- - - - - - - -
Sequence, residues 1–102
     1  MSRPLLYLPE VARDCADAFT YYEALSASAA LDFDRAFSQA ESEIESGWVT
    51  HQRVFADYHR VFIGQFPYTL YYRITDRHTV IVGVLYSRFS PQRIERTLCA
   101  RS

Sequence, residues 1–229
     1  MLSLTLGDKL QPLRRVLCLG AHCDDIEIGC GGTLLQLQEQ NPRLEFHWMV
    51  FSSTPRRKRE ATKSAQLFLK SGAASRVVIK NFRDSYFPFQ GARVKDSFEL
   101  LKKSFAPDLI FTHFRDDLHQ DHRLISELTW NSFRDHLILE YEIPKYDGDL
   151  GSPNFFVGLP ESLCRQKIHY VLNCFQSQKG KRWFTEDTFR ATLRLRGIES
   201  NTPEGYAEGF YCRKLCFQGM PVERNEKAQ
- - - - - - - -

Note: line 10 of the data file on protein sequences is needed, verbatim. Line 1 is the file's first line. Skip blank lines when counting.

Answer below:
   201  NTPEGYAEGF YCRKLCFQGM PVERNEKAQ